Databases play a pivotal role in PHP applications, as they do in many web-based applications.
Databases provide a structured way to store vast amounts of information, from user accounts to posts, comments, transactions, and more. Instead of static HTML content that remains constant, PHP applications can generate content on the fly based on data fetched from databases. For instance, when you visit an e-commerce site and view a product, the details of that product are typically retrieved from a database.
Benefits of a Database
It's not uncommon for developers to use a database with their PHP application. There are many benefits to doing so.
- PHP can interact with databases to insert, update, delete, and retrieve data, facilitating interactive features like user account management, posting content, and more.
- As applications grow, the amount of data they manage can increase exponentially. Databases are designed to handle this growth, and PHP applications can scale with them.
- Databases, when configured properly, can provide secure storage of sensitive information. PHP applications can leverage features like prepared statements to prevent SQL injection attacks and ensure data integrity.
- Databases enable powerful search functionalities, allowing users to quickly find information. Additionally, data analytics and reports can be generated from stored data to provide insights.
The question becomes, what database should you use? There are dozens to choose from. One of the most popular types of databases to use is relational databases.
Imagine you have a collection of boxes. Inside each box, you have rows of information cards. Each card in the same box has the same type of information, but the details differ. For example, one box might have cards with names and addresses (let's call this the "Address Box"), while another might have cards with names and favorite foods (the "Food Box").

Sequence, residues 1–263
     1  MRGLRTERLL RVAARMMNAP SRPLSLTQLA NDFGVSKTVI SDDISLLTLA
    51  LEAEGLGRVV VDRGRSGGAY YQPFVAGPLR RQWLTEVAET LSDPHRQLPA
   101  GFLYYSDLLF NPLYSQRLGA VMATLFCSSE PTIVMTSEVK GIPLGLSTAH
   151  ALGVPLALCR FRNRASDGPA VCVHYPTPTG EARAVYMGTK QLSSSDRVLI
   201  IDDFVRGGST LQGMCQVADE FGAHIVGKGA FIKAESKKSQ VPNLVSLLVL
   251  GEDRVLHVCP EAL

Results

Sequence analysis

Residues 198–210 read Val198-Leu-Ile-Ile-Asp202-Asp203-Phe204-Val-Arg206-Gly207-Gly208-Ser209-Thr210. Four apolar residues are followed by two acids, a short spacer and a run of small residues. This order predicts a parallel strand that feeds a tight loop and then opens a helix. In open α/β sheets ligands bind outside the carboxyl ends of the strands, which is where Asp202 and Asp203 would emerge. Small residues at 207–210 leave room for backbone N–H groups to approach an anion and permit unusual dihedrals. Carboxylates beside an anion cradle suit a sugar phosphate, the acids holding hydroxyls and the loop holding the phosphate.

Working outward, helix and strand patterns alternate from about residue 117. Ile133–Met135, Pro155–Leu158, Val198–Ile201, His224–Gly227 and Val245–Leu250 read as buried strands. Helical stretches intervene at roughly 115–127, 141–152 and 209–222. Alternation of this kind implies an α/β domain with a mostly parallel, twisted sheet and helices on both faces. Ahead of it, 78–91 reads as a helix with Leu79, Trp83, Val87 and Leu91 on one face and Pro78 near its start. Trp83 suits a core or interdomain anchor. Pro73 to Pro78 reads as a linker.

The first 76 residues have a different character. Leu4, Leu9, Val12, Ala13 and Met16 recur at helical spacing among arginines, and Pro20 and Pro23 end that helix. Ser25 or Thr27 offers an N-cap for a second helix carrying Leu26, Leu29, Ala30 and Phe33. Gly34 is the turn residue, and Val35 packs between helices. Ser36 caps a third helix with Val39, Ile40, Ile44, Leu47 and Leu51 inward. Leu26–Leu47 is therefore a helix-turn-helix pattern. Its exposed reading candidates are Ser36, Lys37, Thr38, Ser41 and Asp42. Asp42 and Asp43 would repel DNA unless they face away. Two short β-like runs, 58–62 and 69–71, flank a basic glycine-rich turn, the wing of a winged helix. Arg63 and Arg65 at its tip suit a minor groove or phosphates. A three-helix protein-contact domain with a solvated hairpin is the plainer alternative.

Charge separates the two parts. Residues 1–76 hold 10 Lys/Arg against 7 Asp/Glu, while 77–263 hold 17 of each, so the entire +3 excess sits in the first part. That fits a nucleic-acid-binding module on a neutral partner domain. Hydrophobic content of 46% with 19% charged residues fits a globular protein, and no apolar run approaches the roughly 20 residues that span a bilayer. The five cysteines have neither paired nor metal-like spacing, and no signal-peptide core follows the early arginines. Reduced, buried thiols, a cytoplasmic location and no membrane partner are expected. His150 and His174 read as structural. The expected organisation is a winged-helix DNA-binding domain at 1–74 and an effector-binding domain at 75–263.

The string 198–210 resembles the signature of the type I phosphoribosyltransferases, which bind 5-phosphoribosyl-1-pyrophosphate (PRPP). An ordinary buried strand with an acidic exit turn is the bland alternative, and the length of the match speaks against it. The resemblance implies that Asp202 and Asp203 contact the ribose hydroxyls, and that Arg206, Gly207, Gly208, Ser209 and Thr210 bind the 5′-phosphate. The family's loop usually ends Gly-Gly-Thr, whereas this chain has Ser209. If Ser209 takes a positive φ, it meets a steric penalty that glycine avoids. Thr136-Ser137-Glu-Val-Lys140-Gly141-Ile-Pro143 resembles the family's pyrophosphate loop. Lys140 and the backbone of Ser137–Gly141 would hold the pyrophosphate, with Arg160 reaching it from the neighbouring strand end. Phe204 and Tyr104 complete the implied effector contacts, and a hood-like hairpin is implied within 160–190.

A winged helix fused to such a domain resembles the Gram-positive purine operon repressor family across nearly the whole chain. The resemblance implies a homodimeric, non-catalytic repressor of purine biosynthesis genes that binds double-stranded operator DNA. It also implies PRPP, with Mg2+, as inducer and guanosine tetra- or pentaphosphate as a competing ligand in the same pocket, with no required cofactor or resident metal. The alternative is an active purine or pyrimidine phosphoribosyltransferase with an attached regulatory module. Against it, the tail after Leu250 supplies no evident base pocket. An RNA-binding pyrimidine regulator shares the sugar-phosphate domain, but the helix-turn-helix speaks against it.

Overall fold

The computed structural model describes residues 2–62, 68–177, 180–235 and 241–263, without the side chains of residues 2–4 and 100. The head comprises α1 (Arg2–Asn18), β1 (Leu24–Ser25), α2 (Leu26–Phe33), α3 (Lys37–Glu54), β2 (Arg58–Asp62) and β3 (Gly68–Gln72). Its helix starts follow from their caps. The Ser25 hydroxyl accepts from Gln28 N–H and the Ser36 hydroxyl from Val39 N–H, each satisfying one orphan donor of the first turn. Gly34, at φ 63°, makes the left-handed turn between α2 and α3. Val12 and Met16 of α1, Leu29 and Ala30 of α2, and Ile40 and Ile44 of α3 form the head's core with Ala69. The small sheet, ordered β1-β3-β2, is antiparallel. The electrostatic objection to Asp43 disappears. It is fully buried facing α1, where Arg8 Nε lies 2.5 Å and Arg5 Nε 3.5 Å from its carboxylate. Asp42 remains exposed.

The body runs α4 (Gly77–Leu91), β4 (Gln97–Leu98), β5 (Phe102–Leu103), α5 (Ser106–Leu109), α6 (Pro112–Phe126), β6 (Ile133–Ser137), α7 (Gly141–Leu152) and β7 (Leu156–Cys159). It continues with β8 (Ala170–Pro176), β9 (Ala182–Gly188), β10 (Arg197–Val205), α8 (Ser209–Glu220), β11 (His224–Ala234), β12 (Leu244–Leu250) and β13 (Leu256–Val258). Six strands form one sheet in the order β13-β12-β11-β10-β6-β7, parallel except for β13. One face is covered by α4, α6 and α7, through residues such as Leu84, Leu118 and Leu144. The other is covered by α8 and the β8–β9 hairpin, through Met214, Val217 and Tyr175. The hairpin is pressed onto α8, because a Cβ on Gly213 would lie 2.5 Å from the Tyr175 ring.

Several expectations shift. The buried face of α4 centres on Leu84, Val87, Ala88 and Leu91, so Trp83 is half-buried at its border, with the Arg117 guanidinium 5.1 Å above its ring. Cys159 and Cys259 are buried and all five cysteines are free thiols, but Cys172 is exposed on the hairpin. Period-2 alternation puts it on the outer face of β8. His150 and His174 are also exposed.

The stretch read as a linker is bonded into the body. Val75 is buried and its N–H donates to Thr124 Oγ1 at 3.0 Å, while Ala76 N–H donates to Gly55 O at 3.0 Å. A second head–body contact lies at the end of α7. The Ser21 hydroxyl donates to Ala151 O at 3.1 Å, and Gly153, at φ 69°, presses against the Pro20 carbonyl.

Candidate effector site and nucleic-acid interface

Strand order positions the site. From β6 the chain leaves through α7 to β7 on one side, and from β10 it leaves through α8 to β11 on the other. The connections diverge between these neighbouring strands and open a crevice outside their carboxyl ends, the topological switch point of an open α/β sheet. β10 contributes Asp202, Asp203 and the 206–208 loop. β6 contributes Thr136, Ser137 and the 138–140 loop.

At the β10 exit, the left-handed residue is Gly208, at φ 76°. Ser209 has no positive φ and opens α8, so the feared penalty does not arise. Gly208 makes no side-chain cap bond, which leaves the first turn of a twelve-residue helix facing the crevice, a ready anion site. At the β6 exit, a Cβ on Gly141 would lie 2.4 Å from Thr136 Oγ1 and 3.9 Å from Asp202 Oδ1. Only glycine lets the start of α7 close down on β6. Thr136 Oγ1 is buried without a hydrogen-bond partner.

Now, because both boxes have names on the cards, you can connect or "relate" cards from the "Address Box" to cards in the "Food Box". So if you wanted to find out the favorite food of someone and their address, you could do it by using the name as a common link between the two boxes.
In the world of databases, the boxes are called "tables", and the cards are "rows". The idea of linking information between these tables using a common detail (like the name) is fundamental to a "relational database".
Why use Relational Databases?
They're extremely popular with PHP developers. As we described, relational databases allow data to be organized into different tables, making it easy to manage and find information. Developers can easily fetch specific data from multiple tables. For example, on a website with articles and authors stored separately, one can fetch all articles by a specific author with a single query.
In addition, relational databases have been around for a long time, so they're reliable and well-understood. There's a lot of support, documentation, and tools available. Given the long-standing use of relational databases with PHP, there's a large community and, thus, a plethora of tutorials, forums, and resources available.
Here are some popular relational databases frequently used by PHP developers:
- MySQL: One of the most well-known and widely used databases with PHP. It's an open-source database and is often associated with web applications.
- MariaDB: A fork of MySQL created by the original developers of MySQL after concerns arose when Oracle acquired MySQL. It's fully compatible with MySQL and offers more features.
- PostgreSQL: An open-source database known for its extensibility and SQL compliance. Some developers prefer it over MySQL due to its advanced features.